Planning a wedding ceremony toss? You’ve come to the right place! A ceremony toss is where guests toss something at the newlyweds in celebration as they exit the space (immediately after the ceremony). It is sometimes referred to as a ceremony exit. If you like posts like these, be sure to keep ’em coming right to your inbox!
Are you planning a wedding toss after your ceremony? Don’t miss this post! Emma here and I’m so excited that you’ve stopped in today: we’ve rounded up seven wedding toss mistakes to avoid so your hooray’s go off without a hitch. We’ve also included some suggestions for what to toss, what to avoid, I’ll pass on some wisdom I learned from my 7th grade teacher, and we’ll even tie an unlikely connection between the B-52’s and your ceremony exit.
Oh, it’s bound to be a good time. Enjoy!
Wedding Ceremony Toss Tips
Mistake #1: Not asking permission first.
Always ask your venue before planning a wedding ceremony toss. Don’t assume it’s accepted, because many venues won’t let you toss anything anymore, especially indoors, simply because it’s a pain to clean up. So, ask first — and don’t assume anything. (P.S. My seventh grade teacher told us to never assume anything because it makes an ASS out of U and ME. Pretty good rule of thumb for life, yes?)
Mistake #2: Rice. Or glitter. Or anything that’s impossible to clean.
In case you haven’t heard yet, rice is terrible for tossing. Why? There was a big hubbub caused by Ann Landers that basically told brides that rice will cause birds to, you know, explode if they ingested rice. (In case you were wondering, this is a myth, thank goodness.) Rice is still frowned upon, though; it can be more of a tripping hazard than anything. Plus, it’s a waste of perfectly good food.
Now, as far as glitter is concerned, that’s a tough one: we would pretty much advise against it, especially if the ceremony is not on your own property. I mean, the B-52’s wouldn’t have elaborated so much about glitter on the highway, on the front porch, or on the hallway just because it’s festive. They were trying to tell us how glitter is THE WORST to clean up. And does it even really go away? Also, glitter would be a nightmare to get on your beautiful dress, not to mention in your hair or eyes.
But I get it, I really do: it’s insanely sparkly + festive. But we’re not here to boss you around — just gently advise. ;)
Now, colorful sprinkle tosses look amazing in photos. However, I’ve heard conflicting things that the dyed sugar can stain your dress, and we think you’d need a decent size tub of sprinkles and still, that’s a lot of perfectly delicious sprinkles to go to waste. But, hey, to each her own.
What to toss instead?
There are several things you can use instead of rice for a confetti toss. Here are some ideas for inspiration:
You technically don’t toss a ribbon wand, but you twirl it which looks really pretty and leaves zero cleanup.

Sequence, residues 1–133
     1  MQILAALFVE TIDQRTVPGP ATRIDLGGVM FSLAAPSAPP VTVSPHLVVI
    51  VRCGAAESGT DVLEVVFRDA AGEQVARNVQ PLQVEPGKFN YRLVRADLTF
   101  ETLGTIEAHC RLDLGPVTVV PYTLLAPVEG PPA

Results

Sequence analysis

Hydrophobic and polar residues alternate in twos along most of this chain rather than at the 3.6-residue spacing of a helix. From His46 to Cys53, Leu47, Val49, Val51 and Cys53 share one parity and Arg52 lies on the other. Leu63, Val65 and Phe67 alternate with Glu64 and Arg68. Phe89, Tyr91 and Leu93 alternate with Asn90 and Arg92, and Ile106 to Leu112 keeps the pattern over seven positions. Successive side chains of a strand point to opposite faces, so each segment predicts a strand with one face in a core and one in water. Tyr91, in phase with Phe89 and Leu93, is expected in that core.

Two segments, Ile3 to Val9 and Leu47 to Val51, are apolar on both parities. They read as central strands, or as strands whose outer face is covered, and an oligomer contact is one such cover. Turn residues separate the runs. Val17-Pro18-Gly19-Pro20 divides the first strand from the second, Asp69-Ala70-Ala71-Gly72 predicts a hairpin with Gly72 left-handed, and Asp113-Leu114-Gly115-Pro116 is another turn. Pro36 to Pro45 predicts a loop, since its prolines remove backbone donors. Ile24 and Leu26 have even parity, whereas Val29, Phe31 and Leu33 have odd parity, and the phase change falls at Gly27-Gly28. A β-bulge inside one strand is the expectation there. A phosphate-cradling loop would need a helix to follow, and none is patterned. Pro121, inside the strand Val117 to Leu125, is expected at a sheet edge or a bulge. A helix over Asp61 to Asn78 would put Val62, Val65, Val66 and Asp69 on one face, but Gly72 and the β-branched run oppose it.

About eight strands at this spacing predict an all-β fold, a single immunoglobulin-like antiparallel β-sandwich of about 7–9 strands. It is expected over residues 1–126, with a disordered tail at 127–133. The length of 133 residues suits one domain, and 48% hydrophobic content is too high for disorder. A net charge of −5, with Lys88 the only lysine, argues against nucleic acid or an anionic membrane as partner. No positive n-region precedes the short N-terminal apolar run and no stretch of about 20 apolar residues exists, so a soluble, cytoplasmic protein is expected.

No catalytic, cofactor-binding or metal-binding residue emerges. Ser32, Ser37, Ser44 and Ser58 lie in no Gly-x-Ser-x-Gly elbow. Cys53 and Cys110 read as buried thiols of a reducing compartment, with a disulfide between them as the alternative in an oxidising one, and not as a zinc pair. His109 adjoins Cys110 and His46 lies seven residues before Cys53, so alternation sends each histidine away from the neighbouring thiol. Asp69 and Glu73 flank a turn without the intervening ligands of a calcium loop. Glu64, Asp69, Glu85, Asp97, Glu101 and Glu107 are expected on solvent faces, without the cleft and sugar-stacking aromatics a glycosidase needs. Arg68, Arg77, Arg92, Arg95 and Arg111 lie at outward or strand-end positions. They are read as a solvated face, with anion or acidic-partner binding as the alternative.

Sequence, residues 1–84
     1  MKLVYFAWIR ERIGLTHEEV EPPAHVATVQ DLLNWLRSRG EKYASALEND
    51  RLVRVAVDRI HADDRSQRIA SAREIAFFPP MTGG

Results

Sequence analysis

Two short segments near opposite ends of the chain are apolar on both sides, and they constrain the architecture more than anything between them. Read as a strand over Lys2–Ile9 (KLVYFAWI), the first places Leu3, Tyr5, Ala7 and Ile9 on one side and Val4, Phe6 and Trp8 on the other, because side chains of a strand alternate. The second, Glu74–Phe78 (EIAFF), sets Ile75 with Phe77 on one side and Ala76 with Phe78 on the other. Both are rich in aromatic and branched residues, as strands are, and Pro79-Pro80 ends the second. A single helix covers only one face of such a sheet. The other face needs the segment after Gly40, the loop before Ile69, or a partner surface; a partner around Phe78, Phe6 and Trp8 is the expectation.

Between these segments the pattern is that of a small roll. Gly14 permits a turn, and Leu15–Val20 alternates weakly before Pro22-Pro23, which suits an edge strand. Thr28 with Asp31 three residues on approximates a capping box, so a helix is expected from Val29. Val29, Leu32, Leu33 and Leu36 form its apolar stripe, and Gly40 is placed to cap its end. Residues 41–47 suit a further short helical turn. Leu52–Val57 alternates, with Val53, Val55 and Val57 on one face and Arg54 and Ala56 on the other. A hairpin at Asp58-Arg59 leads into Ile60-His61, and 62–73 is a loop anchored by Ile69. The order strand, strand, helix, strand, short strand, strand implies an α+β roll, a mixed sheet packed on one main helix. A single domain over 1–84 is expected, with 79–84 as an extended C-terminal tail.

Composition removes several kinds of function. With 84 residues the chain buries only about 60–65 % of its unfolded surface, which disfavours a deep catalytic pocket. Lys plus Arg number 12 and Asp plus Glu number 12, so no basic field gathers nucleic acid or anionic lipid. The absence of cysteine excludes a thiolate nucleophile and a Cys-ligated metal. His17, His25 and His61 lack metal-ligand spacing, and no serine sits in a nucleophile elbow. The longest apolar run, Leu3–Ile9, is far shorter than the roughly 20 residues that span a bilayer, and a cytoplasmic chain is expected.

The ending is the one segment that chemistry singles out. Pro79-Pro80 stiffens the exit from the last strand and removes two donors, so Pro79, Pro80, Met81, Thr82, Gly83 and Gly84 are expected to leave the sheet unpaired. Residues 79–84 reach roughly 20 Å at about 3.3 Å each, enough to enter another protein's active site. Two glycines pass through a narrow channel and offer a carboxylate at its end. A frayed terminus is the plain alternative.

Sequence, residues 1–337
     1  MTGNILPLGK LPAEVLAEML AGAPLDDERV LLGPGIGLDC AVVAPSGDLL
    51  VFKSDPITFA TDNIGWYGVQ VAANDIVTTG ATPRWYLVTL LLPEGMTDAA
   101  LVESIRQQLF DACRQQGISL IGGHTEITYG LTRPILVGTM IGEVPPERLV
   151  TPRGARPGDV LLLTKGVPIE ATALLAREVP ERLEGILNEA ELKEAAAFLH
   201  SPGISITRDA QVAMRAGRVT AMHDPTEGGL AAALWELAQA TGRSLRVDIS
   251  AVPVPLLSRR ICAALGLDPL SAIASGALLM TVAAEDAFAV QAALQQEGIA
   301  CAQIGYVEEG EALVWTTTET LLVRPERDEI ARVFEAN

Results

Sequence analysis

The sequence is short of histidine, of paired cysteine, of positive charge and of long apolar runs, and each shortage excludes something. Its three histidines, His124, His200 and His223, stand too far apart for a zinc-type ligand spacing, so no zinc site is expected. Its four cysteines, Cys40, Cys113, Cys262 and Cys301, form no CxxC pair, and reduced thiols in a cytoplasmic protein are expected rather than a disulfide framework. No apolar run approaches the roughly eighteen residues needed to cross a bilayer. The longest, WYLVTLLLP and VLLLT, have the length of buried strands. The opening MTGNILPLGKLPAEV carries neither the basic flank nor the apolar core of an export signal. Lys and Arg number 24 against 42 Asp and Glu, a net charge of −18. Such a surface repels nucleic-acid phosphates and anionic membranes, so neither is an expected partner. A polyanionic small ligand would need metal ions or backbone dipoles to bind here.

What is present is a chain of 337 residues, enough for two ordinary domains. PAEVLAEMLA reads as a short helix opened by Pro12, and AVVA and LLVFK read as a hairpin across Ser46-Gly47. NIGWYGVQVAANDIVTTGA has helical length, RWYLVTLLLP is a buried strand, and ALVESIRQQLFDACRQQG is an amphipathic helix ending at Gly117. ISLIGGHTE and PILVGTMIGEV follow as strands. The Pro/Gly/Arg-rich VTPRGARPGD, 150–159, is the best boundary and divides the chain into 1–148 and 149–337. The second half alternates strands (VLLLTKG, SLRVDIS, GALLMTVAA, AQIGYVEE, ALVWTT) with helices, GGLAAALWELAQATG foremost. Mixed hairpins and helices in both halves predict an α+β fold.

Toss an eco-friendly option like dried flower petals or herbs. You can get a bunch of beautiful, fragrant flower confetti from places like Flowerfetti, who offers a ton of lovely eco-friendly tossing ideas, like these.
I love lavender: it’s calming, smells amazing, is eco-friendly, and fits in small favor bags for tossing.
Another favorite for outdoor confetti tosses? Birdseed. Those birds will love you for it.
Blowing bubbles is fun for all ages — especially the kiddos! Plus, you can get easy bubble favors, like these.
Mistake #3: No confetti containers.
To make sure your confetti toss is perfect, a little preparation is key: place confetti in paper cones or small glassine bags and pre-pack them for guests to grab after the ceremony.
Make sure the toss bags are easily accessible, too. One suggestion is to have a ribbon strung through a petal cone to attach to ceremony chair backs. This way, guests are prepared long before you recite your vows.
Mistake #4: Leaving a mess.
Clean up after yourself. This one’s obvious, but worth noting. It’s also a great idea to have a waste basket somewhere on the premises (obviously not in view, but accessible for after the ceremony) and a small broom and dustpan for easy cleanup.
Mistake #5: Not establishing a tossing space.
If you want to have a wedding toss after the ceremony, make sure you have a specific space in mind. Usually it happens outside of your ceremony venue, but the location is really up to you. Pick your space and coordinate with your photographer to ensure that’s where it happens. Besides, this way you can work together to ensure there’s enough light and room to really capture the perfect moment.
Mistake #6: Forgetting to ask guests what to do.
Guests won’t necessarily know what to do unless you request it. Include a line in your program that says something like, “Please take a bag of confetti as you exit the ceremony & toss as the newlyweds exit.” Also, make sure the bags are in plain view, and easy to grab as guests exit. You can even give to guests with their programs as they enter the ceremony space, which works well, too.
Mistake #7: Not assigning someone in charge.
If you don’t have a wedding coordinator, ask a friend to do a huge favor and help you with the toss. This friend can be responsible for getting the toss bags passed out to guests, or having them placed in a basket after the ceremony, or having your guests form two lines so you have an aisle way to walk through. This friend can also make sure stuff gets cleaned up, so you’re not in trouble with your venue. This friend should also be given a nice gift and a big thank you and you should totally owe them one giant favor for helping you out in this way.
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So, are you planning a wedding ceremony toss? If so, what are you going to offer to guests for tossing?